You are on page 1of 7

The effect of developments

in EU Industry policy on
Louis Vuitton Moet
Hennessy











Natalie Kong

Student ID: 12618154

The luxury goods sector is of great importance to the European economy. It provides
a very significant contribution to the European economy and has been estimated to
be worth over $440 billion which equates to approximately 3% of European GDP
(Frontier Economics, 2012). The luxury goods sector employs approximately one
million workers directly, and at least a further 500,000 workers indirectly. Louis
Vuitton Moet Hennessy SA (LVMH) is a leading French multinational luxury goods
conglomerate based in Paris. It was founded in 1987 with the merger between the
fashion house Louis Vuitton and Moet Hennessy which produced champagne and
cognac. LVMH holds a portfolio of over 60 top luxury brands in mainly fashion and
leather goods but also the wine and spirits, perfumes and cosmetics, watches and
jewellery sectors. European Industry policy provides a framework by which LVMH
must operate within. The recent economic downturn and other developments have
spurred the European Commission to review its policies in relation to industry to
create a sustainable and competitive environment. These policies have already
affected LVMHs operations within the European Union and future changes in
industry policy if implemented has potential to both positively and negatively affect
LVMH strategy and operations.
LVMHs corporate strategy is diversification into a wide variety of luxury goods. This
is evident from its presence in various markets and also their continuing efforts to
acquire businesses which diversify their portfolio. Their brands are separated into six
groups as identified above. LVMH focusses on creation, innovation and product
excellence. It benefits from a well-developed strong brand which is steeped in
tradition. LVMH has positioned itself in a niche market of high price high quality
goods and targets people who have high disposable incomes. This differentiation
strategy is achieved by the long standing image that LVMH has been able to project
through its marketing and PR as well as the brands that they choose to associate
themselves with through mergers and acquisitions. LVMHs diversification strategy
has allowed them to enter new markets and has helped them to grow to be one of
the biggest conglomerates in the world.
Vice President Antonio Tajani has said that Industry is at the heart of Europe and
indispensable for finding solutions to the challenges of our societyEurope needs
industry and industry needs Europe. Industrial policy encompasses a wide range of
EU policies such as competition, trade, innovation as they all have an impact on the
competitiveness of industry. The EU adopted new industrial policy with the
industrial policy for the globalisation era which was a flagship initiative of Europe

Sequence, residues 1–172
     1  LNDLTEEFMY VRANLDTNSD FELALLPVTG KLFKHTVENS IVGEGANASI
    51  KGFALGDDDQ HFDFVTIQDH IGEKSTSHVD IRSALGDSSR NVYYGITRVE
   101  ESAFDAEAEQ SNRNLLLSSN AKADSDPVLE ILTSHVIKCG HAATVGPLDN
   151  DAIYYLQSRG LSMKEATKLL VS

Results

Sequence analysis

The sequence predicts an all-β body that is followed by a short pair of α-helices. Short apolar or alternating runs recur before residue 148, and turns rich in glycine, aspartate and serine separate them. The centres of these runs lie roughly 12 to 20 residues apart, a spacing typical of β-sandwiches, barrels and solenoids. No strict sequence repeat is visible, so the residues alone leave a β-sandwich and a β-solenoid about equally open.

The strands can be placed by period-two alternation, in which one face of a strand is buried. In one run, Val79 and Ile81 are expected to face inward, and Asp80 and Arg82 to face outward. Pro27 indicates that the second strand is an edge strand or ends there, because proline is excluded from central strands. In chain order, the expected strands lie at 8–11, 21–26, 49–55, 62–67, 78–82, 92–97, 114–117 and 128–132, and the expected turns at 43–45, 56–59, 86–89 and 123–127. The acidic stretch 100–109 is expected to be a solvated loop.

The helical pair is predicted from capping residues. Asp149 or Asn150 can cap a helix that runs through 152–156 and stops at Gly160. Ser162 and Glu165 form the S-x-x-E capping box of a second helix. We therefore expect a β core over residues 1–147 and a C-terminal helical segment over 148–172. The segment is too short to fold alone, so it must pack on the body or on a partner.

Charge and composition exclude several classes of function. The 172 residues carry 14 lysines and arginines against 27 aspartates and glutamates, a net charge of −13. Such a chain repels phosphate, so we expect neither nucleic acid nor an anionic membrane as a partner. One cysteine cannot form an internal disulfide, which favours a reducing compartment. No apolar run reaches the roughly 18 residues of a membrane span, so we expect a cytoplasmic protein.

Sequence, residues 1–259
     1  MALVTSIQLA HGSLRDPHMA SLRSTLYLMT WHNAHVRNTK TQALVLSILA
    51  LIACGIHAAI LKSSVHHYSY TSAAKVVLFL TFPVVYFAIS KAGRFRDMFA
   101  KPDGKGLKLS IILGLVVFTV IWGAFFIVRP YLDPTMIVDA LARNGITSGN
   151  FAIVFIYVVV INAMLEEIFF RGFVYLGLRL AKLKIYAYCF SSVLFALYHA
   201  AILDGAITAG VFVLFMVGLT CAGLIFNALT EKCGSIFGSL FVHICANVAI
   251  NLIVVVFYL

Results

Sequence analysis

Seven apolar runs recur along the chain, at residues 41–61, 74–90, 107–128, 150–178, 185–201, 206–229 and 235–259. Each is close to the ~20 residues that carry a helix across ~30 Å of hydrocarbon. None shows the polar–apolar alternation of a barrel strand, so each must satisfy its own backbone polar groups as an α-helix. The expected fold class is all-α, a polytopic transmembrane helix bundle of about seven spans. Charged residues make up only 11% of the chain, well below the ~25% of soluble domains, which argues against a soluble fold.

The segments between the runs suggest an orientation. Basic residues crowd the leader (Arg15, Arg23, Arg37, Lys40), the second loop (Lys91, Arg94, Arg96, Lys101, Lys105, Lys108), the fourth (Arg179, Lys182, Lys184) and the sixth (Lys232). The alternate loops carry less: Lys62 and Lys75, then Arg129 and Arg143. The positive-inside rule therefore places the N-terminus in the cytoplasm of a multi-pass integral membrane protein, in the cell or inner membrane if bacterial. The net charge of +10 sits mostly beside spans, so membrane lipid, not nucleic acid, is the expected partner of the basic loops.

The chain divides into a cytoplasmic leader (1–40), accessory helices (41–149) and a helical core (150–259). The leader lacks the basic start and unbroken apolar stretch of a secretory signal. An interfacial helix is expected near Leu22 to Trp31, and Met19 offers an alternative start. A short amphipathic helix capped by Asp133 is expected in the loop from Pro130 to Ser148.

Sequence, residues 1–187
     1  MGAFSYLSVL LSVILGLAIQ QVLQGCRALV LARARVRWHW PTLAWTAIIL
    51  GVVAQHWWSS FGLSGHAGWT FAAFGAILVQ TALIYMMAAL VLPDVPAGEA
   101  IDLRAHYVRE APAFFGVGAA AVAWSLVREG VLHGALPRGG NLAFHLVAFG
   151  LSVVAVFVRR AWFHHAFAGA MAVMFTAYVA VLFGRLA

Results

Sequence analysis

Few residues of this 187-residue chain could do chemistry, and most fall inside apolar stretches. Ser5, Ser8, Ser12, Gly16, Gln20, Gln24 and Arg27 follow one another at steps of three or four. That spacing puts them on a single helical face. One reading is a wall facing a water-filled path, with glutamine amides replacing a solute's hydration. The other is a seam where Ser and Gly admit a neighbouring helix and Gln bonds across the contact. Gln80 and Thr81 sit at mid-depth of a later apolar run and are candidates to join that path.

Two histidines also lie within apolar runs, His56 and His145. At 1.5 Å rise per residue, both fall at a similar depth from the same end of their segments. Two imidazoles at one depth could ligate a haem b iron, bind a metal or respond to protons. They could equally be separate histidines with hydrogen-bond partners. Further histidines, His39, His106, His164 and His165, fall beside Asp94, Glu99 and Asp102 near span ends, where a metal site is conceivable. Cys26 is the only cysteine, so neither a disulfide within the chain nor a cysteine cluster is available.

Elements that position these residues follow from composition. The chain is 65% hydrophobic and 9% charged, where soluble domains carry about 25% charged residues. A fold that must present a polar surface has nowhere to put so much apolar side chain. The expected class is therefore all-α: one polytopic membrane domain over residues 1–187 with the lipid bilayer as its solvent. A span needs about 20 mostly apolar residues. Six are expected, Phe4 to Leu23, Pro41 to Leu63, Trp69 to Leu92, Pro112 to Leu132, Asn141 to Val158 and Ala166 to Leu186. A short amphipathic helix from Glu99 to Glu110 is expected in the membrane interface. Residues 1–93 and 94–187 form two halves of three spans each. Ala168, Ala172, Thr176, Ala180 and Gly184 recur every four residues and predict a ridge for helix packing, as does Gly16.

2020. The policys strategy supports a strong, diversified industrial base in Europe
that offers well-paid jobs while generating less CO2 and using resources more
efficiently. The new policy specifically targets competitiveness and sustainability.
This, along with a specific strategy for the high end and fashion industry has already
affected the way in which LVMH will operate.
Competition policy, which is a subset of industry policy, has been under review by
the European Commission. The European Commissions policy on competition
affects LVMHs strategy and operating plans. As discussed above, a key component
of LVMHs strategy is to diversify. They do this by acquiring stakes in other
companies and merging with them. This gives LVMH more of a market share in the
luxury goods market and adds value to their brand. Merger regulation was first
introduced in 1990 and enabled the European Commission to prohibit mergers and
acquisitions that threaten to significantly reduce competition. Under current EU
Merger regulation, the Commission can only review the acquisition of a minority
shareholding where it confers control. Therefore acquisitions of minority
shareholdings which have no power of control are not subject to the merger control
process. The commission can also intervene in minority shareholding cases under
antitrust provisions in Article 101 or 102 of TFEU but the ability to do so is restricted.
The European Commission is considering amending the European Union Merger
Regulation to allow it to examine acquisitions of non-controlling minority
shareholdings in companies. It proposes to either extend the current system of
mandatory notification to minority shareholdings where parties meet the jurisdictional
thresholds so that the transaction could not be completed before it was approved; or
implement a discretionary review model. Here, the Commission would decide
whether to investigate any minority acquisition on the basis of its own market
intelligence and complaints received, or by requiring parties to provide notice where
there would be concerns on the face of the transaction.

The review of competition policy was spurred by the acquisition of Aer Lingus by
Ryan Air which the European Commission was unable to block. This brought up
issues about minority shareholdings in companies and has already affected LVMHs
operations. LVMH announced on October 23 2010 that it had a stake of share capital
in Hermes International a manufacturer of luxury goods. An investigation was
launched against LVMH and they were fined 8 million Euros. The investigation found
that the stake in Hermes had accumulated through several equity swaps through two
of its subsidiaries. While none of these transactions themselves amounted to any
breach, taken together the actions of the swaps breached regulations on disclosure.
It was thought that the swaps were arranged in an unusual way which looked like
LVMH was trying to sidestep disclosure reporting rules (AMF, 2013). Since then,
LVMH has continued acquiring shares in Hermes and has built up a 22.3% stake in